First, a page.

Suzanne Asha Stone was on hand as the Rocky Mountain field representative for Defenders of Wildlife. After listening to some of the ranchers’ comments, she said, “This is verbatim what we heard in Idaho 20 years ago,” when wolves were introduced in Yellowstone National Park. Ranchers in that state were naturally concerned about the impact those wolves would have on their livelihoods. Two decades later, through programs Stone and her organization have helped implement, nonlethal strategies have reduced wolf kills of livestock in Idaho to “near zero,” she said. And that’s with a wolf population than now totals 770.
According to Stone, “It takes a while living with wolves before people realize that their worst fears won’t come true.”
I think most ranchers in California’s far north respect the wildlife around them, but their relationship with it is complicated by the need to make a living. Looking closely at the strategies used in Idaho would be a good first step in helping convince them that there are ways to reconcile ranching with the presence of this new predator.
John Wayne has long been a conservative icon, the personification of rugged individualism in the Wild West. In the 1963 movie “McLintock,” made late in his career, Wayne plays a cattle rancher and land baron. At one point he tells his daughter what he plans to do with his holdings after he dies: “I’m gonna leave most of it to the nation, really, for a park, where no lumber mill (can) cut down all the trees for houses with leaky roofs, nobody’ll kill all the beavers for hats for dudes, nor murder the buffalo for robes.”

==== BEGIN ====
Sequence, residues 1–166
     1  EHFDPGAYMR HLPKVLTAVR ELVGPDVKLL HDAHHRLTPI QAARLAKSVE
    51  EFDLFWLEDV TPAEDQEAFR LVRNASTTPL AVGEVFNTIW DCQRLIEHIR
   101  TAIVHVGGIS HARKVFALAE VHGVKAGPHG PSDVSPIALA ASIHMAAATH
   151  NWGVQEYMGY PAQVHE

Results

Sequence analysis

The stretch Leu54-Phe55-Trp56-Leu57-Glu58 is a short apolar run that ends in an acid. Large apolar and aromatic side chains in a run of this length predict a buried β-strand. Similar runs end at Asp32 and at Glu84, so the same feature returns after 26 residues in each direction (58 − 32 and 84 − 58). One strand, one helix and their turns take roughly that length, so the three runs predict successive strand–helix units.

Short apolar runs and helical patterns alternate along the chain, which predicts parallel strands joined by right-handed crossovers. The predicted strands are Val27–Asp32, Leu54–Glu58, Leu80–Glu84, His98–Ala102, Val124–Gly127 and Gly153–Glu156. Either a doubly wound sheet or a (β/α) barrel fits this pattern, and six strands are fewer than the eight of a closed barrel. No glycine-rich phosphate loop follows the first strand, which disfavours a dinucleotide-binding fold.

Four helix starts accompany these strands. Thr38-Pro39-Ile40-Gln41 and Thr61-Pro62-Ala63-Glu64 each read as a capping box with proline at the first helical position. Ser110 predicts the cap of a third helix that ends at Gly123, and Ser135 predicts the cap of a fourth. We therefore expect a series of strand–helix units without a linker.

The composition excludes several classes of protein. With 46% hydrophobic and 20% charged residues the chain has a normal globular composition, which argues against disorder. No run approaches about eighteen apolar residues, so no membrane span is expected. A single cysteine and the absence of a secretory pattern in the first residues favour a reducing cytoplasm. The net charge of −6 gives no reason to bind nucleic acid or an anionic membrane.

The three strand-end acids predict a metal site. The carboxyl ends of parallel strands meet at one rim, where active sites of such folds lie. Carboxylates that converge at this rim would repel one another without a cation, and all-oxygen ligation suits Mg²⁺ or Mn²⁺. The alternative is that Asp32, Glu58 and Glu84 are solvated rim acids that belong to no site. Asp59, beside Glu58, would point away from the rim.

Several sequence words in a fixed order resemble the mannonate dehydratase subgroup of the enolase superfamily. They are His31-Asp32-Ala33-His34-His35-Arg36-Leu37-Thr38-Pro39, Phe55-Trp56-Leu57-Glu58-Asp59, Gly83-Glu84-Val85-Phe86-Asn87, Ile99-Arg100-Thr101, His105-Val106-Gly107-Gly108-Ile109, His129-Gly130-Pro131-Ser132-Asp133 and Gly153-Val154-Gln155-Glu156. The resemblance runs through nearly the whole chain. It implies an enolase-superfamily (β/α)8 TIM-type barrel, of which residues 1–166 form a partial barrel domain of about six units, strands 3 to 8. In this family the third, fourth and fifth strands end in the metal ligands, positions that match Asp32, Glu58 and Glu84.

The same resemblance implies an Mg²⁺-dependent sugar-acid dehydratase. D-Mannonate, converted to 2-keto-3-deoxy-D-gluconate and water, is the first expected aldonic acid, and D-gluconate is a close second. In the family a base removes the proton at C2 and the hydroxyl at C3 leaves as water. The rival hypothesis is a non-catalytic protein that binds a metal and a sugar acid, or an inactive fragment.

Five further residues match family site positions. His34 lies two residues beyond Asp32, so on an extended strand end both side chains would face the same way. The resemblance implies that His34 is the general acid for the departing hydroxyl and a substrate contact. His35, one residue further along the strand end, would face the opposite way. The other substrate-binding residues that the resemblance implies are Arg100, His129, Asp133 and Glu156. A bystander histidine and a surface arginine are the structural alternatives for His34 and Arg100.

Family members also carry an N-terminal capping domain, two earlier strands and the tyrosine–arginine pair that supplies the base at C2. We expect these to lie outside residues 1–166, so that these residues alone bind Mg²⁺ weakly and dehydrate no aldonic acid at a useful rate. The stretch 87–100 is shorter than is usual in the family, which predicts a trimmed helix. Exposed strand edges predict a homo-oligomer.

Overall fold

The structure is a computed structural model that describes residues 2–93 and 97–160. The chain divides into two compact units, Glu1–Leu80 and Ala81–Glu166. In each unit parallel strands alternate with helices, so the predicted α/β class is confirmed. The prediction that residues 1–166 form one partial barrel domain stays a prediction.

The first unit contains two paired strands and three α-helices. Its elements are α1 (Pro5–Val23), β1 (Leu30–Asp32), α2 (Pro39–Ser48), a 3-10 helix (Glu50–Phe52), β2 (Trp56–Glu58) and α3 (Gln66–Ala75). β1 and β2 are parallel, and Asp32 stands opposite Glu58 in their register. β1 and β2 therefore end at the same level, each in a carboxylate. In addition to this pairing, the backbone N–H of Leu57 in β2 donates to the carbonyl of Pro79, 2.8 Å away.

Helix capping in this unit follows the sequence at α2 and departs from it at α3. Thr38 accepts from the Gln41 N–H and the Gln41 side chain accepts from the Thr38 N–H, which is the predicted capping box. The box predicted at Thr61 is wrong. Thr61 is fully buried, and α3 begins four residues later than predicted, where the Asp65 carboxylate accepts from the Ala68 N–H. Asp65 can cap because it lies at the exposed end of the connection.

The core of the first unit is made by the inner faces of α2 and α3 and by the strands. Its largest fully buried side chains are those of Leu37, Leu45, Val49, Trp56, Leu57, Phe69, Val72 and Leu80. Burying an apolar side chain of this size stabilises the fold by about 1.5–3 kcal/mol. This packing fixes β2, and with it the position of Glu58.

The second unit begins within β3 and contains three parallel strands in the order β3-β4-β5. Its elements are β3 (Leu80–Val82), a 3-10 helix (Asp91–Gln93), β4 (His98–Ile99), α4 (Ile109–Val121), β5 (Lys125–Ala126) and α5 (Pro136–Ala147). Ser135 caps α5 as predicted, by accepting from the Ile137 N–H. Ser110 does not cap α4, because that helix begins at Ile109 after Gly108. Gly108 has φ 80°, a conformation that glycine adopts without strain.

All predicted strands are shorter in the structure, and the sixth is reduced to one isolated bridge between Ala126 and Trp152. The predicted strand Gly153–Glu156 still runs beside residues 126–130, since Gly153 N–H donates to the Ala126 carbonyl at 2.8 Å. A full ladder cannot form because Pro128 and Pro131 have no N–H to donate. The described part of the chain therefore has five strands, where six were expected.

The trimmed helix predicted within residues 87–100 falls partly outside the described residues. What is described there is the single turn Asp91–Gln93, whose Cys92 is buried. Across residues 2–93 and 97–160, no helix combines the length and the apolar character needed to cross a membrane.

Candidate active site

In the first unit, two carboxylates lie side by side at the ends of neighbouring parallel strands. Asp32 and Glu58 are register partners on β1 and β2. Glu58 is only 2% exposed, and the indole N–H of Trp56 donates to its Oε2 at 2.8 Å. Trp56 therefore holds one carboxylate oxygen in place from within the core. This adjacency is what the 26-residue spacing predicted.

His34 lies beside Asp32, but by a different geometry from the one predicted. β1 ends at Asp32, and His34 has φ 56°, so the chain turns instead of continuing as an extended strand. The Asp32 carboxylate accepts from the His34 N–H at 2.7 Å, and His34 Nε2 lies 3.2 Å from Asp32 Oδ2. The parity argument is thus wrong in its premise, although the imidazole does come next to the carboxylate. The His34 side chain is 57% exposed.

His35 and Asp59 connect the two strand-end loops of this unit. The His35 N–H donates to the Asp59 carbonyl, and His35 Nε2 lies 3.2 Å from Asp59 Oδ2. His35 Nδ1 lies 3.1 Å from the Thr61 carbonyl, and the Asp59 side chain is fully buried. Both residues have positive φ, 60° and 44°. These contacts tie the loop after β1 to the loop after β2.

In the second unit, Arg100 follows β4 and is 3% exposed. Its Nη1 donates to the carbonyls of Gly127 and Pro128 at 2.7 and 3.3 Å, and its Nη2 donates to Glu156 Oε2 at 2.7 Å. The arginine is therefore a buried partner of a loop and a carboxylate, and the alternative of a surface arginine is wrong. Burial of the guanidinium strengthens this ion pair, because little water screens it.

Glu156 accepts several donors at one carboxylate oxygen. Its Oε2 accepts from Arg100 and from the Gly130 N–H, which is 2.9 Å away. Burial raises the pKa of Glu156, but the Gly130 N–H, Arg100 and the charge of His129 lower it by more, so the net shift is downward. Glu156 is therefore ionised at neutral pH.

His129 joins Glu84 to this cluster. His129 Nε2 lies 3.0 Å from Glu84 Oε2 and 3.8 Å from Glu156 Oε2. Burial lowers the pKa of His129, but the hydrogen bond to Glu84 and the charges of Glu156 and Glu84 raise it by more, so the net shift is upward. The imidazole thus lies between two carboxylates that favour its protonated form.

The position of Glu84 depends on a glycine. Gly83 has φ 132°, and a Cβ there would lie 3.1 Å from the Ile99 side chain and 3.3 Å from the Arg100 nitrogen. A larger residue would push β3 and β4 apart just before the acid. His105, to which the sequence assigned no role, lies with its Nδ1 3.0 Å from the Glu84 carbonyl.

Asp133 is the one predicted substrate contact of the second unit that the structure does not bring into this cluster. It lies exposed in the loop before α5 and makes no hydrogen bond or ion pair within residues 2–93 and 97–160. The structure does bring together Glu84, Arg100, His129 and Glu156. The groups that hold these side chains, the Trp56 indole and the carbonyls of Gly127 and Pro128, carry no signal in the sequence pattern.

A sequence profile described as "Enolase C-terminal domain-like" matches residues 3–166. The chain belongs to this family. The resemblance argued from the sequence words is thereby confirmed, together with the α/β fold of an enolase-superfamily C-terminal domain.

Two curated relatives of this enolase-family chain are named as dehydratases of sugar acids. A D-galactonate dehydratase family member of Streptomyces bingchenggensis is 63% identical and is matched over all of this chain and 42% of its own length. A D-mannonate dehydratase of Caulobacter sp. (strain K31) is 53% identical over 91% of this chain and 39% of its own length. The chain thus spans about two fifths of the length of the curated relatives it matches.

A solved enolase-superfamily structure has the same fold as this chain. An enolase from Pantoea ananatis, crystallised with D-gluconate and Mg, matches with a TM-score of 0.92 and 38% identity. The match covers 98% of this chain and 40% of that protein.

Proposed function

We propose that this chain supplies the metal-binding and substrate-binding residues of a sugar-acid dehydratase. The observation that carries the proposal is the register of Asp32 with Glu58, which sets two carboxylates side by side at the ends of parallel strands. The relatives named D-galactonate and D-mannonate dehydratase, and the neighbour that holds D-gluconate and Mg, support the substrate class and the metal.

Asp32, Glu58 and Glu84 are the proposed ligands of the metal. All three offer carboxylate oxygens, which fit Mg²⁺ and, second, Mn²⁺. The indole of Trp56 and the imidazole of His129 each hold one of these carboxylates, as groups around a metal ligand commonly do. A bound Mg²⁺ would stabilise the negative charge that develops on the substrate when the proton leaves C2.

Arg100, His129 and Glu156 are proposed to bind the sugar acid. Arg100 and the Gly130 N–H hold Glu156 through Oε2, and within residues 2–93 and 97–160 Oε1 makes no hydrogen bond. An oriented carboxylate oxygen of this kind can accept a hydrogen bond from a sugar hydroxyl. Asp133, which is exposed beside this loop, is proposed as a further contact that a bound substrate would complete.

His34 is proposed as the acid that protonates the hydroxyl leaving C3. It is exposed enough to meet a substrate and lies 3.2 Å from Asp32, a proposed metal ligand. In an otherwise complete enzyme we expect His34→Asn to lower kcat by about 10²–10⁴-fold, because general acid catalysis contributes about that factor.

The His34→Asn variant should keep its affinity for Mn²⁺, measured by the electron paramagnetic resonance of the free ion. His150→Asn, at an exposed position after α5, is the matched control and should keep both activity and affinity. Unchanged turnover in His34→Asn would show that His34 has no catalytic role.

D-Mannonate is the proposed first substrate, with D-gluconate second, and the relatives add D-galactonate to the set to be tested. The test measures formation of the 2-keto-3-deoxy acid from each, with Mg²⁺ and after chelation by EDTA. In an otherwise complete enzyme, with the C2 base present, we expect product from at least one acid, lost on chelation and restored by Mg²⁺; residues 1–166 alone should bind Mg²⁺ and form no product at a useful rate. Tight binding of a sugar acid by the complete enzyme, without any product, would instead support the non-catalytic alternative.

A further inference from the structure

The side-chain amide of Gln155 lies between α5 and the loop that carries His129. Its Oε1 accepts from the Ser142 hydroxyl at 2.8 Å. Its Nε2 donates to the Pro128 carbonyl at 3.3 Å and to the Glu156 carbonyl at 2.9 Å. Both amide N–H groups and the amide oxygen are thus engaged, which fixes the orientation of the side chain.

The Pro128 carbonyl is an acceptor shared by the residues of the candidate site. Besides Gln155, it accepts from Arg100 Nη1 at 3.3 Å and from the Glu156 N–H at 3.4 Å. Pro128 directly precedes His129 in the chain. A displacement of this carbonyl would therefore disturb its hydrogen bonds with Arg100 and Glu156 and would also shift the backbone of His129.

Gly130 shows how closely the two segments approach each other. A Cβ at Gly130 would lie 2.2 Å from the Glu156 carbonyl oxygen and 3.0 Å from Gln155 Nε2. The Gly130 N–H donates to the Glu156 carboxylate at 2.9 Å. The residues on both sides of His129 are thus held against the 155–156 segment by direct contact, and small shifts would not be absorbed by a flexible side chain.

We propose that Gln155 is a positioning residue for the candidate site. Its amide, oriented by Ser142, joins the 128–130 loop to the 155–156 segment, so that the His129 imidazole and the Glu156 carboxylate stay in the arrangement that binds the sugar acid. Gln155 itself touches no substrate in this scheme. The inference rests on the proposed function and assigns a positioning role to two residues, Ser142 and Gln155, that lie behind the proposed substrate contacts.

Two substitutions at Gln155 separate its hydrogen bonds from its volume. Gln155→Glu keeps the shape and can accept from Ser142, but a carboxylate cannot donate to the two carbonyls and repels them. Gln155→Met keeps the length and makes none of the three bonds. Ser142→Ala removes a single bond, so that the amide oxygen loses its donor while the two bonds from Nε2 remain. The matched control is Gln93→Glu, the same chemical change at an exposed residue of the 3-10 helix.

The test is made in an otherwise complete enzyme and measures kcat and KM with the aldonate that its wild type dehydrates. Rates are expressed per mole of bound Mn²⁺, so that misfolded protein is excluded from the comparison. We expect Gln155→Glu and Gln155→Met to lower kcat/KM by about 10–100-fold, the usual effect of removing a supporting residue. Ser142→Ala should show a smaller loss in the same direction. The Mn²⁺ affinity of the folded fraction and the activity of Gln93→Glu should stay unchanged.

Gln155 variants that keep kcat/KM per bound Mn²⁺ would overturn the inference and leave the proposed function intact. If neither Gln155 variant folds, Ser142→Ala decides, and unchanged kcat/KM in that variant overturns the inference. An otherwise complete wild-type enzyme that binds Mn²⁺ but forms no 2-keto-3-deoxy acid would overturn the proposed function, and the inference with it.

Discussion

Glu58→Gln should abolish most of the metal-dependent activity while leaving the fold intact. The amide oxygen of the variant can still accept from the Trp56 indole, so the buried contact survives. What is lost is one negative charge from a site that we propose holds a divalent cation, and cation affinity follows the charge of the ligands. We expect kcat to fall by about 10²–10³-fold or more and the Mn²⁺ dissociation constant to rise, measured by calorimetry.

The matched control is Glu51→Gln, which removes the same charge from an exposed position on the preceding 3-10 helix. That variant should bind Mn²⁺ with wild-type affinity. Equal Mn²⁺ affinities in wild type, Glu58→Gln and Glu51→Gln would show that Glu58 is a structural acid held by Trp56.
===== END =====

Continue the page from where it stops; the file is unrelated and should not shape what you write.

John Wayne was no tree hugger. But neither, like the ranchers up here, should he be reduced to a simple stereotype.
Back to Governments or is this case the U.S. Government and a little-known unit known as Wildlife Services. Another arm reaching out to love our wilderness? H’mmm. Not according to Wolves of Douglas County blog:
PUBLISHED FEBRUARY 12, 2016
Wildlife Services—ever heard of it? No, not the U.S. Fish and Wildlife Service. That’s something different. The Fish and Wildlife Service is part of the Department of the Interior, charged with enforcing wildlife laws, restoring habitat, and protecting fish, plants, and animals. Wildlife Services isn’t your state fish and game commission, either, which issues hunting and fishing licenses and manages local wildlife.
Wildlife Services is a federal agency under the U.S. Department of Agriculture, and it specializes in killing wild animals that threaten livestock—especially predators such as coyotes, wolves, and cougars. Outside the ranching community, Few have heard of Wildlife Services.
Since 2000, the agency has killed at least two million mammals and 15 million birds. Although it’s main focus is predator control in the West, Wildlife Services also does things like bird control nationwide at airports to prevent crashes and feral pig control in the South.
What one hand gives out, the other takes away.
Funny old world!